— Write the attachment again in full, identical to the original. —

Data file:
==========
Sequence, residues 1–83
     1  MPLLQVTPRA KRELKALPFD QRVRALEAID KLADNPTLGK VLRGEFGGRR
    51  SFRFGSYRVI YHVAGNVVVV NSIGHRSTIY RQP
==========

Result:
Sequence, residues 1–83
     1  MPLLQVTPRA KRELKALPFD QRVRALEAID KLADNPTLGK VLRGEFGGRR
    51  SFRFGSYRVI YHVAGNVVVV NSIGHRSTIY RQP